What Are Ideal Indoor Humidity Levels?

According to Central Heating and Air Conditioning, the average humidity levels in your home during summer should range between 30-45%. During winter, the average humidity may be lower than 40%.

Low indoor humidity occurs when the humidity levels drop below 30%. Such humidity levels are typical during winter and regions that experience frigid temperatures.

High indoor humidity occurs when the humidity levels exceed 60%. Expect such humidity levels during summers, when air holds more moisture.

Wrap Up

Controlling humidity levels in your home is vital. You protect yourself against diseases and keep your home safe against damages caused by high or low humidity.

You need a hygrometer to get an accurate reading of the humidity levels in your home. But do you know how to test humidity without a hygrometer? Fortunately, there are several alternatives. Follow any of the methods above to get an accurate reading of your home’s levels.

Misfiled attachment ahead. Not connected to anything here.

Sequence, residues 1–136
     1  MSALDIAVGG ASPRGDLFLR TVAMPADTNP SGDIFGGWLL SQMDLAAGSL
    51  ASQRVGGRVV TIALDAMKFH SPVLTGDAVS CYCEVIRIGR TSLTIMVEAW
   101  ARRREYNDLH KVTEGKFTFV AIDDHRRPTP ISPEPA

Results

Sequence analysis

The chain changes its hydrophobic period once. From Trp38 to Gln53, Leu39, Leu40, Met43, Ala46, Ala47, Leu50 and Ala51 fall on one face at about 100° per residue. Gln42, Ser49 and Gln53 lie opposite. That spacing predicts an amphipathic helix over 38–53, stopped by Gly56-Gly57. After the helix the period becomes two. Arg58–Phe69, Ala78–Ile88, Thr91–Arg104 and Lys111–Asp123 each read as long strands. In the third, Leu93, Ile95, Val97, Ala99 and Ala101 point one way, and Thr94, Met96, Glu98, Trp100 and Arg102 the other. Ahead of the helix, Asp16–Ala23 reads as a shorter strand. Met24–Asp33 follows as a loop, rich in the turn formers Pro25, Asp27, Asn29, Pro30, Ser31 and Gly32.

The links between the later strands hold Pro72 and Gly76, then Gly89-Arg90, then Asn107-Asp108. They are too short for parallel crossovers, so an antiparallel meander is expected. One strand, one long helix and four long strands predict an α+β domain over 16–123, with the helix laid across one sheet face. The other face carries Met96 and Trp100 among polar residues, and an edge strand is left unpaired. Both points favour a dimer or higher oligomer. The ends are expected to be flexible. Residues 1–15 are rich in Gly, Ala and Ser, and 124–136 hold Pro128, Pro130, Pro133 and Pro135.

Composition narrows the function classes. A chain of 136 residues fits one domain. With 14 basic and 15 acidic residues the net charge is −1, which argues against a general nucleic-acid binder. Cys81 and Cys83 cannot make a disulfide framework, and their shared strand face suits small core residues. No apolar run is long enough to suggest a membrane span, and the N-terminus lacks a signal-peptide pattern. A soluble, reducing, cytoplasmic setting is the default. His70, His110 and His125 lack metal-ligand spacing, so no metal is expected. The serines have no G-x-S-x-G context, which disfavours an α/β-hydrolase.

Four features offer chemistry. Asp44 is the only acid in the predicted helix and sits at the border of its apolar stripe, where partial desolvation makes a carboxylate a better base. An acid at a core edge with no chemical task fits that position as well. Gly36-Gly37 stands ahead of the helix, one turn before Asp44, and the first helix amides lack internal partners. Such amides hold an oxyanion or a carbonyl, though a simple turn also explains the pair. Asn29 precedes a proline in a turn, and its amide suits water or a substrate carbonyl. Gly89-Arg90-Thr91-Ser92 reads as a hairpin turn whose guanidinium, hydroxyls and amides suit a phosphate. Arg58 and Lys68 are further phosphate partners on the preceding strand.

About The Author

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Liz Yang is the founder of Airsmartly. She has been working at home for a few years and realizes that the performance of the HVAC system plays such an important role in our life. She has tested dozens of products in person, like humidifiers, air purifiers, dehumidifiers, and ACs, and wants to share tips about using or troubleshooting these products with you. Her uncle is an HVAC expert with over 30 years of experience in the field, and often offers assistance when she is unsure how to handle a situation. He is also in charge of reviewing the articles on this site.